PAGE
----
Today’s reading: Titus 2, 3, Philemon, Proverbs 28
Titus 2:11-12 (NKJV)
11 For the grace of God that brings salvation has appeared to all men, 12 teaching us that, denying ungodliness and worldly lusts, we should live soberly, righteously, and godly in the present age.
Whenever I teach – or a guest speaker teaches – on the subject of grace, questions inevitably come up by sincere people expressing their concerns about “greasy grace.” I understand their concerns because I have observed people over the years who heard the message of grace and used it to make provision for their flesh. They heard that God loves them unconditionally whether they attend church, serve others, or give or not, and then decided they didn’t need to be a part of the corporate body anymore.
Or they heard that their sin doesn’t stop God from loving them – which is true. So they go ahead and live in the sin and bondage they are in without any concern about the consequences it may bring and the influence that will have on others. That type of response is just plain selfish! There is no love in that. And, by the way, that is not God’s grace! The grace of God is His enabling power in our lives.
God does not enable us to sin. Neither does He enable us to make provision for our flesh and make selfish, inconsiderate decisions that affect others in a negative way. That is not God. And it is not grace. I understand what people mean when they say, “greasy grace.” But the truth is that term is an oxy-moron. They are opposites that cannot co-exist.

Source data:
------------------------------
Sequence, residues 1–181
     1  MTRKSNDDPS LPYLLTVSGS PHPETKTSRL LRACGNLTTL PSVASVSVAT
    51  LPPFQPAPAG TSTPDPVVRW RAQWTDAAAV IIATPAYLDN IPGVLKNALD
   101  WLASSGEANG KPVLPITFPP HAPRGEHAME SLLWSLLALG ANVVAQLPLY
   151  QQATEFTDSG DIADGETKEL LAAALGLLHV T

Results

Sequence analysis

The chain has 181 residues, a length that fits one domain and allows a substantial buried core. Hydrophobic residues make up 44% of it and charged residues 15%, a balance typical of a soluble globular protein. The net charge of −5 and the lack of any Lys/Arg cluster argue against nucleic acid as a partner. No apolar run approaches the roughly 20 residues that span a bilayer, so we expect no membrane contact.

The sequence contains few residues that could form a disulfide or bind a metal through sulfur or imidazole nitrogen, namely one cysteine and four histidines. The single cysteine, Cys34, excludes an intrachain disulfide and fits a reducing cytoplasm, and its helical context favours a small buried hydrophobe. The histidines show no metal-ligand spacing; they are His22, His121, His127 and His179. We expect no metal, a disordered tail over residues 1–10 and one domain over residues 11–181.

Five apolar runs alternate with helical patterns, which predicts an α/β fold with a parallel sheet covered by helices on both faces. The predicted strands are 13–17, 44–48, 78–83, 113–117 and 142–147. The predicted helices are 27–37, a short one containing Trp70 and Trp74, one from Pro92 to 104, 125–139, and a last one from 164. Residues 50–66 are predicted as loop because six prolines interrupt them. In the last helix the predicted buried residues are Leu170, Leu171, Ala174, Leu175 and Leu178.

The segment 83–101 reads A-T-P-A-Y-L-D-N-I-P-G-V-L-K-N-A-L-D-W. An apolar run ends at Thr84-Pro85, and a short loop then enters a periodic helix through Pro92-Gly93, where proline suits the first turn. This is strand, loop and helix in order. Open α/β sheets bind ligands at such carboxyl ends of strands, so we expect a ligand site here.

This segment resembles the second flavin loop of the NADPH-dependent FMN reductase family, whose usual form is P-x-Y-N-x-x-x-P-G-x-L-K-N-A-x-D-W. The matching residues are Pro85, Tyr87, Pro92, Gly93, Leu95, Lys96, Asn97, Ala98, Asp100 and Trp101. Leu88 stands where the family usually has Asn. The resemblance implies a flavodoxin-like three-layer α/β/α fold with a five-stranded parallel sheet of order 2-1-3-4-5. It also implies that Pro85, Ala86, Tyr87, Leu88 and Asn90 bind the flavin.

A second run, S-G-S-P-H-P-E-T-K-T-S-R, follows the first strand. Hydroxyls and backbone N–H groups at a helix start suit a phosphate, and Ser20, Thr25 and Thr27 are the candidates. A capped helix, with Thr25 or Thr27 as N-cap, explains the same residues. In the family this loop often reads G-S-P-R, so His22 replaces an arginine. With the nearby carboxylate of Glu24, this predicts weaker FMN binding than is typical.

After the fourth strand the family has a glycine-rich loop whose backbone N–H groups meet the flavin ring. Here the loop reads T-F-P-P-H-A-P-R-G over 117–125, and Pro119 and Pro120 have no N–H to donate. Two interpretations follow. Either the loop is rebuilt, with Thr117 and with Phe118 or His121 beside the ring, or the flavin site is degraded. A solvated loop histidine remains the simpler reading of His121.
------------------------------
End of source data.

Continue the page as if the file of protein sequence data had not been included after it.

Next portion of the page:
The grace of God is not greasy, selfish, or inconsiderate of others. The truth is whenever Christians act in this fashion, they have failed to draw on the grace of God. They have in fact acted from their flesh even though the grace of God is available to them. This passage in Titus declares the grace of God teaches us to deny ungodliness and worldly lusts. It also teaches us to live soberly, righteously, and godly. That doesn’t sound greasy, selfish, or inconsiderate to me.
In Romans, Paul tells us that whenever we allow sin to have dominion over us we are not walking under grace, but under the law – Rom. 6:14. So the truth is whenever we sin or make selfish, carnal decisions, certainly God still loves us. But we are not functioning under His grace, but by the strength of the flesh. God doesn’t give us grace to sin or to act selfishly.
His enabling power is given to us to act like Jesus! His grace helps us to manifest the Son of God and walk in love toward people. To do otherwise is to temporarily fall from grace. Thank God His love and mercy is no less available to us, but the goal of His love and mercy is to lead us back to grace. The grace of God teaches us to manifest Jesus, not make excuses for manifesting our flesh. Think about it!